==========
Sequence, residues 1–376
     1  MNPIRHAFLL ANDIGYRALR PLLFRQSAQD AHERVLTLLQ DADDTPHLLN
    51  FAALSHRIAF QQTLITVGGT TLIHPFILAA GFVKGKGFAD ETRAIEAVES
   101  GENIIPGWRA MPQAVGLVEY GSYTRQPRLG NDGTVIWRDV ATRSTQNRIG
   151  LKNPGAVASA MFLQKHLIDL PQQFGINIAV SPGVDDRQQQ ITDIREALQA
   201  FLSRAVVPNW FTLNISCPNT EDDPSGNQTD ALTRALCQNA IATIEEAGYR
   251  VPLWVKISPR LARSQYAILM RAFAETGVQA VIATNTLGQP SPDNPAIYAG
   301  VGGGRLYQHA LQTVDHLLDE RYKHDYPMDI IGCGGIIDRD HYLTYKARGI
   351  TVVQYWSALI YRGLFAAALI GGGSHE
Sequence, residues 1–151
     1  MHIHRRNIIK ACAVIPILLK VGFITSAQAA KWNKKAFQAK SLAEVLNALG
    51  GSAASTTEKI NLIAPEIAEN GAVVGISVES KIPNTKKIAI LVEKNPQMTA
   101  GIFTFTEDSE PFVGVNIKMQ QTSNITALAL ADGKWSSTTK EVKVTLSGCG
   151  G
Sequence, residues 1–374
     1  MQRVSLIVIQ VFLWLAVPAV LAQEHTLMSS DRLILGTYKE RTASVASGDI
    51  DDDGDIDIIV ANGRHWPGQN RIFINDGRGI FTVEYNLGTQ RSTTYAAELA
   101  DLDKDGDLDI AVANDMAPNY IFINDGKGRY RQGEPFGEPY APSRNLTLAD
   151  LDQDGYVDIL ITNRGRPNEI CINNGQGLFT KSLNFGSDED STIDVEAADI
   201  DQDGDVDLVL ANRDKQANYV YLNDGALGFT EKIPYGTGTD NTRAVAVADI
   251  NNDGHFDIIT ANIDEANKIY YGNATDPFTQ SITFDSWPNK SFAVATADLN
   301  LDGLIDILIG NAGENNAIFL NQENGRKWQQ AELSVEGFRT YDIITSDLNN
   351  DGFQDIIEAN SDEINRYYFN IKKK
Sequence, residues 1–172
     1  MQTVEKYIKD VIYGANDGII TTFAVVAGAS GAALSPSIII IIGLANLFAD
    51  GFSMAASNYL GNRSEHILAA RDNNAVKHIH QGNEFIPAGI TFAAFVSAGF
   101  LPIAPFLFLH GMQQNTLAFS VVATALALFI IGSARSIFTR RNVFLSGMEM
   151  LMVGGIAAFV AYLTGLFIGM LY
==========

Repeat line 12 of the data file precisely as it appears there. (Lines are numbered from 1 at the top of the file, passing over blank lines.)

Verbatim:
    51  GSAASTTEKI NLIAPEIAEN GAVVGISVES KIPNTKKIAI LVEKNPQMTA